TRACEE LORAN

You have very strong beliefs, faith.  Are you ever concerned that your beliefs will be so overwhelming or overpowering in the story?  How do you quell that?

BOOKER T.

Author John Grisham (Photo Credit: Stephan Gates)

It’s a delicate balancing act.  John Grisham who is also Christian and a very successful writer; he’s not considered a Christian writer. I don’t consider myself a Christian writer. He said that, “As far as messages go, you only can go but so far and there is no definite line or percentage, but then when you cross that line you alienate the audience and you can never get them back.”  So it is something that I’m mindful of, but if you think about every artist, even every entertainer is communicating their world view through the lives of the characters.  It only seems to become a problem or an issue if someone is mentioning God.  So even the person who says he believes in new age doctrine or even atheism they can be as over the top as they want with their message and no one seems to be troubled by it. To me it’s  about the story, it’s about the characters and my world view does come  through. It’s not about I want to get this agenda across and form characters that will help me do that, because then I think you are not being honest and fair with the characters. They’re real people to me. These are real lives that I’m dealing with. I don’t know the answers , I don’t know what’s going to happen 5 minutes from now…For me being God with these stories, if I write in such a way that’s unrealistic and unbelievable it’s going to alienate people no matter what their belief system is.

TRACEE LORAN

Do you think everybody has an agenda when they are writing?

BOOKER T.

I do. I absolutely do.  It may not be malicious. It may not be overt, but even if you’re conscious of what your agenda is you create for a reason. We create art for public consumption for a particular purpose. The whole idea of theme is rooted in world view. The whole idea of theme is rooted in agenda. The specifics of what you want to communicate to your audience so they have a take away. No one creates art and you don’t want the audience to have a take away, so that to me is intrinsically linked to the agenda the creator meaning the artist who creates the particular story has.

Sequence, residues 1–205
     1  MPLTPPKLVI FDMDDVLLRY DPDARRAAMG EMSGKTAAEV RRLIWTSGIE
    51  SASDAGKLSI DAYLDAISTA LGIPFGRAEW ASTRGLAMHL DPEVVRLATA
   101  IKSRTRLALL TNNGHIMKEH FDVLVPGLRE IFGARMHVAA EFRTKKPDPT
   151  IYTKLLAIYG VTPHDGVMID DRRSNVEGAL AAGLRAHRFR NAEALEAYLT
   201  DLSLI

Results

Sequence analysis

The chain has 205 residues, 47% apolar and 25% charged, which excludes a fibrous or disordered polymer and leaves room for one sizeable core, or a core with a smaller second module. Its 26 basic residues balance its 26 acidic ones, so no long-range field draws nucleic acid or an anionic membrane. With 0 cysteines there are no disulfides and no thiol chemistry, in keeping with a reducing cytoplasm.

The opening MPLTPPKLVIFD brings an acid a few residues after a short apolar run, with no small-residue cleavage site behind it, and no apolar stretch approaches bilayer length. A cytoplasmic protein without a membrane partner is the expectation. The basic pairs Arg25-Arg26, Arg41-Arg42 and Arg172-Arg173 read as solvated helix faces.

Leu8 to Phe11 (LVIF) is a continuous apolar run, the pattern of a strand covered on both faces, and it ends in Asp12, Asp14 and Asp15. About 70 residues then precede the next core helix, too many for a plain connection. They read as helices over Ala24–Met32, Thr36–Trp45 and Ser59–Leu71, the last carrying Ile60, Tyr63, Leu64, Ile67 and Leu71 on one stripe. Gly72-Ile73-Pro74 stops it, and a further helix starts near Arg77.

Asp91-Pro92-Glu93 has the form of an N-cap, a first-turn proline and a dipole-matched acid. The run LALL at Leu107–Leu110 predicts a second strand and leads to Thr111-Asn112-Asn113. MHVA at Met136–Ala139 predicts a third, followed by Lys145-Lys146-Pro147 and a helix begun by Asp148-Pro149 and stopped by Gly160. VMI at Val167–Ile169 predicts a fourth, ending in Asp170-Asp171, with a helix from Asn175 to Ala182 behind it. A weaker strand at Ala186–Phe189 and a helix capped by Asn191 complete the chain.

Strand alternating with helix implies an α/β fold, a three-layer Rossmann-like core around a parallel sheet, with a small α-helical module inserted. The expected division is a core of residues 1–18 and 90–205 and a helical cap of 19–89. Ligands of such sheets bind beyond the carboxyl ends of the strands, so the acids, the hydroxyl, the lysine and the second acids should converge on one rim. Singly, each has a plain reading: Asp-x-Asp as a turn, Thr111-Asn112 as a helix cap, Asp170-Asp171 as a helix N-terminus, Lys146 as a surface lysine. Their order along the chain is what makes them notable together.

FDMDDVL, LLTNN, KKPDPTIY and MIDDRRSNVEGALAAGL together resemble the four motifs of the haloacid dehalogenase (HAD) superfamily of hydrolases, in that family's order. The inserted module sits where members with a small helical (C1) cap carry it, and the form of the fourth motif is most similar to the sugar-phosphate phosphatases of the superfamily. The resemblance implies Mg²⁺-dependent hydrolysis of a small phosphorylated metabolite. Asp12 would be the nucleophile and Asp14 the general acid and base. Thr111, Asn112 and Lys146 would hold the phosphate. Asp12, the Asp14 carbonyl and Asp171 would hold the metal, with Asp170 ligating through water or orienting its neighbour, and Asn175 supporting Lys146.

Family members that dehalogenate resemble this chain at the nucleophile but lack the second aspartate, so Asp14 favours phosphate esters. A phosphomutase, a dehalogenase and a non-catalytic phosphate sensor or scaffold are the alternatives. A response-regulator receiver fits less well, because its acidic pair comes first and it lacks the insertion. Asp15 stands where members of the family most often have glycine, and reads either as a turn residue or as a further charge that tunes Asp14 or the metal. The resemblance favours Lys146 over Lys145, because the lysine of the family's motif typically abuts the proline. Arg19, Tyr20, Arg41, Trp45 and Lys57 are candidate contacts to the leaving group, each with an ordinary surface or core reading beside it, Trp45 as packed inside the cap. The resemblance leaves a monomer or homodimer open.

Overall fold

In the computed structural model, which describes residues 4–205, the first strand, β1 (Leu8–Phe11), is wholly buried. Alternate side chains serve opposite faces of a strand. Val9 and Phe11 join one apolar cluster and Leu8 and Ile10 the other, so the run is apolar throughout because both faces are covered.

TRACEE LORAN

When you get to heaven what will you say to God?

Booker takes a pregnant pause and then says…

BOOKER T.

Whew! W-H-E-W, exclamation point. That’s what I would say!  

Tracee and the “turned” author share one more laugh…and then she kicks him out because he’s late for his SNITCH reading.  No cuss words ever parted their lips.

FIN

EPILOGUE

SNITCH and UNSIGNED HYPE are available for public consumption. Purchase them here.  To learn more about Booker T. Mattison please visit his website.   Now doncha feel smarter and more conscious?

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1 Comment

Filed under Radically Fabulous Stories

One response to “Socially Acceptable: BOOKER T. MATTISON

  1. Angela Broussard

    This is a magnificent interview/piece Tracee. Very well written and very informative. It makes me want to go grab his books! Nice job, Lady-proud of you 🙂
    Ang